By Maria Halmo
It's no secret that things are rough out there. MLPs and millennials have a lot in common these days: running to the bank of Mom & Dad, moving home, or just grinding it out.
What happens when the going gets tough?
You run to the Bank of Mom & Dad
While I have never personally used this bank (a fact my father references with pride  by quoting rock and roll), I'm lucky enough to have it available to me, and so are some MLPs (contrary to some investor fears). Tesoro Corporation (TSO), the GP of Tesoro Logistics (TLLP), committed to buying the entire equity portion of the LA refinery logistics dropdown and removing the potential for equity overhang in the process. Phillips 66 (NYSE:PSX) did a similar thing with the Bayou Bridge dropdown to its MLP, Phillips 66 Partners (NYSE:PSXP), even selling its interest in the crude oil pipeline project at cost. It's a little bit like if your family business was snow removal. Your parents agree to sell you a snowplow, and also buy the baseball cards you're selling to raise money to buy it.
Marathon Petroleum (NYSE:MPC) took this a step further with its MLP, MPLX (NYSE:MPLX), promising to support MPLX's distribution growth guidance  by potentially dropping down assets at attractive multiples, giving back IDRs, buying MPLX units, loaning money intracompany, or incubating expansion projects acquired in the MarkWest Energy Partners (NYSE:MWE) merger.
The support of a parent is wonderful, but as a unitholder, remember to consider the financial health of the parent, not just its existence.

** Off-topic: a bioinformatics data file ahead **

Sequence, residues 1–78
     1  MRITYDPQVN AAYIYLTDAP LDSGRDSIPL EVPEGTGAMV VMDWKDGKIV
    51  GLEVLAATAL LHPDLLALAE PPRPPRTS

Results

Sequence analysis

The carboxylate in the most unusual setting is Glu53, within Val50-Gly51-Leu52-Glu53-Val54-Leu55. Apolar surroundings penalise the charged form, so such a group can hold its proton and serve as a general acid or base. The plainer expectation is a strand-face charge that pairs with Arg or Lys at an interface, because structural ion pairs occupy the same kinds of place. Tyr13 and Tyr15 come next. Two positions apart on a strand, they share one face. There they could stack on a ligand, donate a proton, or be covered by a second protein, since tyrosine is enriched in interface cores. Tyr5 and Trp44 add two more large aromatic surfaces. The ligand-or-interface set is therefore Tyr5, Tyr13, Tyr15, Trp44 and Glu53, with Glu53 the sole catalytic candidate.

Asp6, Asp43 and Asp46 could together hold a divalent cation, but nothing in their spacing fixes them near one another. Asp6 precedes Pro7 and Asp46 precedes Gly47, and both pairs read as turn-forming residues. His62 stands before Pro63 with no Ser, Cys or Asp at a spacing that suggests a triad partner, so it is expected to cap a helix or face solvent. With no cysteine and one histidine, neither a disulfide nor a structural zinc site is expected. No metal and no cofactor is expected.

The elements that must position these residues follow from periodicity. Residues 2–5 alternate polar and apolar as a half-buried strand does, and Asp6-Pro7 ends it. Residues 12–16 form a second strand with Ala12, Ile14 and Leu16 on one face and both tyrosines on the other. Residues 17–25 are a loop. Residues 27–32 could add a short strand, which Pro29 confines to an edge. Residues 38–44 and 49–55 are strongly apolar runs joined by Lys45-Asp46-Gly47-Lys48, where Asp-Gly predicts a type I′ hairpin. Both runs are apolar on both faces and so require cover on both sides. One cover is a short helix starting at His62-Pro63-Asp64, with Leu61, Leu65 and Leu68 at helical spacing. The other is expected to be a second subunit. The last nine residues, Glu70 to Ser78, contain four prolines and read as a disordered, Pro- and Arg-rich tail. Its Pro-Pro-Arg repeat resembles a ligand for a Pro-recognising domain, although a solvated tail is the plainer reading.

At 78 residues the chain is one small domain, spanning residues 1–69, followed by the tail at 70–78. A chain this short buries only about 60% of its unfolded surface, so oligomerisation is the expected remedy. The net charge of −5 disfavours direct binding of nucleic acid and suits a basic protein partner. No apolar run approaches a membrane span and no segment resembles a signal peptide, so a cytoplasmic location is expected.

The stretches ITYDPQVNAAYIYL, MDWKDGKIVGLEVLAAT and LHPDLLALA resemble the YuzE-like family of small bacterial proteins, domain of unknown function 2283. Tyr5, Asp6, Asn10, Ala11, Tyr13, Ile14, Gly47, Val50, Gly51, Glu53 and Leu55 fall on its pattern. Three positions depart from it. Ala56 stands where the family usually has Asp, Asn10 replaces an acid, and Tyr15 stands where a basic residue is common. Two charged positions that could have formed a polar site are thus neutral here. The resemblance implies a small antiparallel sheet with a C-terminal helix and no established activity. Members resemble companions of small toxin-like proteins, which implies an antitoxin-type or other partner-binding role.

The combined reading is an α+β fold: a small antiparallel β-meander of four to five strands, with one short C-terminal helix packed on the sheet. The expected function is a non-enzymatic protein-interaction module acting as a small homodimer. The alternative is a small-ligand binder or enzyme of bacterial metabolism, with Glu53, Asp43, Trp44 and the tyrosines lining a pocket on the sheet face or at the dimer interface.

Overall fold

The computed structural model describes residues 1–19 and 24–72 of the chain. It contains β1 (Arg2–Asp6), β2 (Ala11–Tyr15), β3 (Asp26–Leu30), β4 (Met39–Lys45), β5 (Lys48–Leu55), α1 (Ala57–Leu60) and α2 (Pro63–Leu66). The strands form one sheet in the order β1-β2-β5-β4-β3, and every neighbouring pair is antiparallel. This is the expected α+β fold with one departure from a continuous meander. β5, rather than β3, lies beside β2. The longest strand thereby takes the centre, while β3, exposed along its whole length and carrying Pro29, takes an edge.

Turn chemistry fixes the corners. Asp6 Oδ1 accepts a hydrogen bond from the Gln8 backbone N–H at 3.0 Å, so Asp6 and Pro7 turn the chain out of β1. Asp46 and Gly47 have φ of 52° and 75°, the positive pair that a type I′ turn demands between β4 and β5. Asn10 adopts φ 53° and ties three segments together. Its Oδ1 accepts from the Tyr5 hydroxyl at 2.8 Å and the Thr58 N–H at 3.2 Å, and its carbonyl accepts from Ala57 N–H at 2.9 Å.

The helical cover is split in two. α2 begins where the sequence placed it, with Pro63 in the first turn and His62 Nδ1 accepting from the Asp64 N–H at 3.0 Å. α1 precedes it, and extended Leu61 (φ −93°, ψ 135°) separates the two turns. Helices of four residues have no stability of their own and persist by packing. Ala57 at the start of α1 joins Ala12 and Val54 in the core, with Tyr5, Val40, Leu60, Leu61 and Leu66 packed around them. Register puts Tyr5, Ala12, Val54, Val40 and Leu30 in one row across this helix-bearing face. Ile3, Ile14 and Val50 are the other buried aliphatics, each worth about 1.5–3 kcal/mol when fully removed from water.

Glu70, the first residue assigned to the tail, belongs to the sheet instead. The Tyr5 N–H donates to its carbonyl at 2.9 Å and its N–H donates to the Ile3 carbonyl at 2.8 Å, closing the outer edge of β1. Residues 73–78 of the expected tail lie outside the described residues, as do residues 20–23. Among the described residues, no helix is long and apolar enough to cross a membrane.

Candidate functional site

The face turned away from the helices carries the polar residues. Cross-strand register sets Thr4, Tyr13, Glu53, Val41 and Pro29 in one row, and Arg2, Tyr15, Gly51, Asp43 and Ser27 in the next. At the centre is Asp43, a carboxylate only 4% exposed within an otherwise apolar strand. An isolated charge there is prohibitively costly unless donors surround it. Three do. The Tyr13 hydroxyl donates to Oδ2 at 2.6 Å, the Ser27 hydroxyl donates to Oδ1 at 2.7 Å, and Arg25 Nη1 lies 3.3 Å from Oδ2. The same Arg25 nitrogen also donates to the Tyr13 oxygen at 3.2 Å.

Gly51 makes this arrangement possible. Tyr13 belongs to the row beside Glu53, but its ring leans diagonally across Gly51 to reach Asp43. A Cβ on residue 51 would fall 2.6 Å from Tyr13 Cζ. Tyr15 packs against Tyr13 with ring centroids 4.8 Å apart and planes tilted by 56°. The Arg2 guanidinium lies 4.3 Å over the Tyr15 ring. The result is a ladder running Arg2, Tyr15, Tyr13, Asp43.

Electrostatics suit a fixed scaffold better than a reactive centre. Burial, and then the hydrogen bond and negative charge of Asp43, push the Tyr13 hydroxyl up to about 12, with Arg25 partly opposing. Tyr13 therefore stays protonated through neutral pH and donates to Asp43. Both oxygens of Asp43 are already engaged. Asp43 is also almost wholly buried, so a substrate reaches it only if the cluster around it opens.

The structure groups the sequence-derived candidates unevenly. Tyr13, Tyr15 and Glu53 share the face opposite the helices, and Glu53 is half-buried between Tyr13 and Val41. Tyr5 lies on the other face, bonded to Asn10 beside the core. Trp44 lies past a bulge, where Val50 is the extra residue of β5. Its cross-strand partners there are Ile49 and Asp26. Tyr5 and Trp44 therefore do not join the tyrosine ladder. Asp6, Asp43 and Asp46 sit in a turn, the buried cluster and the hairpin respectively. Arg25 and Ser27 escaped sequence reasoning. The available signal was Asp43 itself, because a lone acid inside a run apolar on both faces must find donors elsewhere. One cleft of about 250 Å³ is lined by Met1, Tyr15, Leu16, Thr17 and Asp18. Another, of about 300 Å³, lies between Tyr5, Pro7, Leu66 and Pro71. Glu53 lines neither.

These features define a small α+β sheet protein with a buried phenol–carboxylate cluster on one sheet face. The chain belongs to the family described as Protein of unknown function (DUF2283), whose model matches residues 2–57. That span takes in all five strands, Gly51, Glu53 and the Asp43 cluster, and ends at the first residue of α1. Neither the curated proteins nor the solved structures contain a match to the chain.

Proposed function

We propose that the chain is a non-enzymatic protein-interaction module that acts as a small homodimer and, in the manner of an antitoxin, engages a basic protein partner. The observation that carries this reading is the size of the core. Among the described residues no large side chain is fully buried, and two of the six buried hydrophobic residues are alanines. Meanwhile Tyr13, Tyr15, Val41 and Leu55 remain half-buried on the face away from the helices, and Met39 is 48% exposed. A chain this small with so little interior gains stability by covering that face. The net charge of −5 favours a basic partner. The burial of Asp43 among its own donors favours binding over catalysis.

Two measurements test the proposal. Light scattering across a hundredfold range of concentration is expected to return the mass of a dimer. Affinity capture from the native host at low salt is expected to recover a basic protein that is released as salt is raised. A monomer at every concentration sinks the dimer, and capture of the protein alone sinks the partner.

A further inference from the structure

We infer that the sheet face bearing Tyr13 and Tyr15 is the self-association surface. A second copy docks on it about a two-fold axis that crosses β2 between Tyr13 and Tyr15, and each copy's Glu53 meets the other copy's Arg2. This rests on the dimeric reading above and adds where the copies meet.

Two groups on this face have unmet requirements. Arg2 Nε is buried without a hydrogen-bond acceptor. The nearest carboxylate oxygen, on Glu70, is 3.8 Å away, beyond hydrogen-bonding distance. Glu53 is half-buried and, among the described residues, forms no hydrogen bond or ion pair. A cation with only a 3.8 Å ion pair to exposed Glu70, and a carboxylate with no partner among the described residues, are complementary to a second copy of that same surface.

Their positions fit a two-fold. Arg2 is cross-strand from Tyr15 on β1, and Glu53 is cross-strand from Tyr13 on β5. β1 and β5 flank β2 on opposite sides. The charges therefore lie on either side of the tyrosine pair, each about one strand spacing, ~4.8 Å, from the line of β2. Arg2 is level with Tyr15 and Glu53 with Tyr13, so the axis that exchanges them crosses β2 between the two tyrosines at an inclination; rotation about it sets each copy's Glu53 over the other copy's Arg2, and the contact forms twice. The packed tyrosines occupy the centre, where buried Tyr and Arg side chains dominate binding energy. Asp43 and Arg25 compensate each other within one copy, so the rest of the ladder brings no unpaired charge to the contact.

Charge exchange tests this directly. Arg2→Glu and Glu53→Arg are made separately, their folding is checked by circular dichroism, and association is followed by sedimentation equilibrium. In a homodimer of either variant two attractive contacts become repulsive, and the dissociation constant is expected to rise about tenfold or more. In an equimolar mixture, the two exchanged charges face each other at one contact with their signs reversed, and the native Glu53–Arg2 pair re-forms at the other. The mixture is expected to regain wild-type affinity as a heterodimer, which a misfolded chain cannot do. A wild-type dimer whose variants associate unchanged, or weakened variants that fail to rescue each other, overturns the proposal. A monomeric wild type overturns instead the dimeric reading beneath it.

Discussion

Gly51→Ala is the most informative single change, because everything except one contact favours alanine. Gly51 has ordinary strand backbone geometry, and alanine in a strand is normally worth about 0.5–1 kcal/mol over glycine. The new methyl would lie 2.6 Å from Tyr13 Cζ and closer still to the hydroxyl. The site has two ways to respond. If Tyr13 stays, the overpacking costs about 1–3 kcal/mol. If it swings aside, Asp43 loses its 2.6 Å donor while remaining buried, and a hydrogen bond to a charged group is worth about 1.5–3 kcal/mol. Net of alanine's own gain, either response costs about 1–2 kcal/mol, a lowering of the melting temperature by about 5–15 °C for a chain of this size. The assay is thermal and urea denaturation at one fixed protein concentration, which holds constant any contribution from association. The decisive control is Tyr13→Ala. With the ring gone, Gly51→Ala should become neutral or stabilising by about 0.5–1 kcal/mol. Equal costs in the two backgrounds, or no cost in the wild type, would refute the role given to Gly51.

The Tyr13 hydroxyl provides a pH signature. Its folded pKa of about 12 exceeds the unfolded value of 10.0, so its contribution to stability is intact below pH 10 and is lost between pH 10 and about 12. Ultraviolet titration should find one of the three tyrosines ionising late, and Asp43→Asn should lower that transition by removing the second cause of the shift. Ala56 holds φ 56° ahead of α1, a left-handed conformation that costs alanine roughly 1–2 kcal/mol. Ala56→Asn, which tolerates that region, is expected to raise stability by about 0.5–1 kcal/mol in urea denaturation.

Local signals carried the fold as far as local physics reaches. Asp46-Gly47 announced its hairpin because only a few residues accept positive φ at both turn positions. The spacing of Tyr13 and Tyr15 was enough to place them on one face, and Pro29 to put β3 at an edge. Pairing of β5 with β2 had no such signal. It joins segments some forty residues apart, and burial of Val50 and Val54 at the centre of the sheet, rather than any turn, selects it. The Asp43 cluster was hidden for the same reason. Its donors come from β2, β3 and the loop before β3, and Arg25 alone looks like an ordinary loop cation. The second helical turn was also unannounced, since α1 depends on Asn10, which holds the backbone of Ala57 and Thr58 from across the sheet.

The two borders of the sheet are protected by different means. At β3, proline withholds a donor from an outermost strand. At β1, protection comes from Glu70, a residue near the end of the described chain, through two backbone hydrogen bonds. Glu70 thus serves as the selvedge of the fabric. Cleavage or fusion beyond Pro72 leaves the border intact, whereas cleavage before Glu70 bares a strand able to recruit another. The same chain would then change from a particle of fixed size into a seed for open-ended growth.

You and Your Family Support the Business
You are an artist hitting hard times. Your parents buy your paintings, sculptures, and first editions of your novel, sure that you'll be famous one day and that these will be worth much more. Similarly, EnLink Midstream LLC (NYSE:ENLC) bought $50 million in units of its LP, EnLink Midstream Partners (NYSE:ENLK).
You Move Back In With Your Parents
Targa Resources Corporation (NYSE:TRGP) announced that it will be buying back its MLP, Targa Resources Partners (NYSE:NGLS). We initially wondered if this was a ploy to fend off a hostile takeover, given that Energy Transfer Equity (NYSE:ETE) did make an offer last year, and Williams (NYSE:WMB) tried this tactic, unsuccessfully, to avoid being acquired this year. But I digress. We stand by our belief that this does not signal the reincorporation of MLPs. A couple of boomerang millennials does not mean an entire generation is now living at home. However, as an investor, with NGLS down 23.9% in November and TRGP down 31.2%, especially compared to the Alerian MLP Index (AMZ) down "only" 8.9% for the month, investors have already stopped inviting the boomerang kids to parties downtown.
You Never Move Out In the First Place
Generally, when we see new IPOs, it's a signal of market strength. So, to my surprise, Noble Energy (NYSE:NBL) launched the IPO of their MLP, Noble Midstream Partners (NYSE:NBLX), on November 12th. After a little digging into the parent's financials, it turns out that the offering was actually a signal of NBL's desperate need for cash. One week later, NBL postponed NBLX's IPO due to "unfavorable equity market conditions." So maybe not that desperate.
There were 22 underwriters on the deal trying to place 12.5 million units. If NBLX had priced at $15, which is where, depressingly, the last two MLP IPOs of Green Plains Partners (NASDAQ:GPP) and CNX Coal Resources (NYSE:CNXC) priced, it would have been yielding 8.3% and raised $187.5 million, or 5 bps of the entire energy MLP space. Presumably, not enough buyers could be found. This is the most disheartening thing I've come across all year. It's like finding out a high school friend is not only still living at home, but he's still working at Applebee's, his high school job.